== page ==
Riley Kelly was born with a hole in his heart. At just 2 days old, he had his first surgery. Three surgeries and lots of healing later, Riley lives life like any other 9-year-old.
“If you look at him, you can’t tell,” said Tom Kelly, Riley’s dad.
The little boy now maintains an “uninterrupted” life. Kelly said he’s extremely active and loves playing soccer and lacrosse. There’s one thing Kelly is sure of — his son wouldn’t have such a bright future if it wasn’t for the American Heart Association.
And so, as a father with a personal passion for the Heart cause, Kelly has spent the last eight years working to help the Association in what he says is the most critical way — raising funds for heart research.
Since 2002, Kelly has been a part of the AHA’s Start! Heart Walk annual fundraiser. This year, Kelly is the Walk’s community team leader, and he has raised $11,500 toward the cause, but has a goal of $15,000.
“We’ll get there,” said Kelly, whose team is associated with CNL Bank, where he is the senior vice president.
The Heart Walk is the AHA’s signature fundraiser of the year, with more than 1 million walkers participating in more than 450 events across the country. The goal is to raise funds to combat America’s No. 1 and No. 3 killers — heart disease and stroke.
This year, Loch Haven Park will be the start of the Walk at 8 a.m. on Saturday, Oct. 2, where an expected 11,000 greater Orlando residents will stroll to save lives. The view is inspiring, said Sy Saliba, the vice president of marketing and planning for Florida Hospital.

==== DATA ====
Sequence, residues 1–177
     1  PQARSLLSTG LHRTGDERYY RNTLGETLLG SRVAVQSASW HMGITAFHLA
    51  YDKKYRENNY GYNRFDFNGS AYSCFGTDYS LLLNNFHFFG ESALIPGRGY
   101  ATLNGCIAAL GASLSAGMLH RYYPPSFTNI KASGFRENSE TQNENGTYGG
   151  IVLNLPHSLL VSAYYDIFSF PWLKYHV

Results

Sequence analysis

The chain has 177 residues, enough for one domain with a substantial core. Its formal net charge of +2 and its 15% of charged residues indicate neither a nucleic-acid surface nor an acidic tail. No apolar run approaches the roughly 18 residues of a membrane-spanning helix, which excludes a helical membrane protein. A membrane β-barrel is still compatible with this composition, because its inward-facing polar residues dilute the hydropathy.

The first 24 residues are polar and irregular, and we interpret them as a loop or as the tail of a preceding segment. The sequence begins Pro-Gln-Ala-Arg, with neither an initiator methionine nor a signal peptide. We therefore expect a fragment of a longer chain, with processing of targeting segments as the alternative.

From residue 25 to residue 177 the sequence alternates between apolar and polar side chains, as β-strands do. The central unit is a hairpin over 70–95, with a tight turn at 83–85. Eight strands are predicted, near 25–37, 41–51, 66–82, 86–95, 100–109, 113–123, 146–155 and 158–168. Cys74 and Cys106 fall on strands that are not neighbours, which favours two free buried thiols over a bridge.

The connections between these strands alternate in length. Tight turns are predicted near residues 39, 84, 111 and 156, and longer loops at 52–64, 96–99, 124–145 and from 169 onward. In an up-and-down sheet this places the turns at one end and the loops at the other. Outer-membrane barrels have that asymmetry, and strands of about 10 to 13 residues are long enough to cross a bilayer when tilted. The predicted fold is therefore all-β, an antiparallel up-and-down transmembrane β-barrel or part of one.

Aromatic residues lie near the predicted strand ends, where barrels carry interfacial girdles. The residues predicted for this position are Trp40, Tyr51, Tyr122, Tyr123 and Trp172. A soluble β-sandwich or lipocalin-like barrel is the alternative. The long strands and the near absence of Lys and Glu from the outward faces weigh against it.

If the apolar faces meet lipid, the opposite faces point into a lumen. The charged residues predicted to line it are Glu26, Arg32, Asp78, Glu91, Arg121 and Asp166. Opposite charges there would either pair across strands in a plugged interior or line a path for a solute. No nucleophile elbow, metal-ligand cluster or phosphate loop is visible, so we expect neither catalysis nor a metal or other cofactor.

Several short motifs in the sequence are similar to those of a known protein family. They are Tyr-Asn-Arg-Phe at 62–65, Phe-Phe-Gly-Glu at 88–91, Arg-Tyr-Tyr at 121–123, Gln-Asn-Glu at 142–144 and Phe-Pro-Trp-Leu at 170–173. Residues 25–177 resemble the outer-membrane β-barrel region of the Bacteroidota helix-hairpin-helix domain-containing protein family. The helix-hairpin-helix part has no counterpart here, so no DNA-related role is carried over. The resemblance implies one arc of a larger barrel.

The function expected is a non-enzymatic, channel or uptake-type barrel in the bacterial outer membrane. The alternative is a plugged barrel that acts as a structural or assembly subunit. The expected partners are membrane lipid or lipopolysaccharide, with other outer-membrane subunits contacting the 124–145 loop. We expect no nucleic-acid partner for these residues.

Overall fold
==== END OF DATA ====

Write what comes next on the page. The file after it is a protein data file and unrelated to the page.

“It’s very satisfying … to see thousands of people standing together for a common cause,” said Saliba, also a member of the Heart Walk’s executive leadership team.
Kelly walks alongside Riley, his other two sons, his wife and friends each year.
“It’s very exhilarating,” he said.
All the Orlando Walk’s fundraising money will go to Central Florida heart education and research, Kelly said.
Making people aware
But the event isn’t just about celebrating the money raised, it’s also about educating and inspiring participants about their own heart health, said James Henningsen, the interim vice president of educational programs for Seminole State College.
“This is a wonderful opportunity to educate folks across Central Florida,” Henningsen said. “That’s one of our critical missions.”
Saliba said another goal is to make people realize that their heart is in their hands, and the AHA can give them the tools to make the right decisions about their heart health.
“It boils down to individual responsibility,” he said.
Henningsen agreed. He said he’s been stirred by the cause personally because of his family history of heart disease and his own struggle with it, and made the choice to change this year. He hopes to spread the word, and has started with his Seminole State “family.”
One goal of the Heart Walk is to get companies to get their employees to form Walk teams. Henningsen has done that at the college. They have 17 teams, with a total of 114 walkers, and have raised $5,500 of their $15,000 goal.
“It’s a great team-building experience,” Kelly said. “It also promotes good health, which leads to a better workplace.”
All three of the men said they can’t wait to see their goals — fundraising, inspiration and education — come together at the Walk.
“There’s a wonderful affirming feeling that comes from doing it,” Saliba said. “We’ve become addicted.”
You can still sign up to participate in this year’s Heart Walk at 8 a.m. Saturday, Oct. 2 at Loch Haven Park. Visit www.GreaterOrlandoHeartWalk.org to sign up. If you can’t join in the Walk, but want to help, there’s also a link to donate.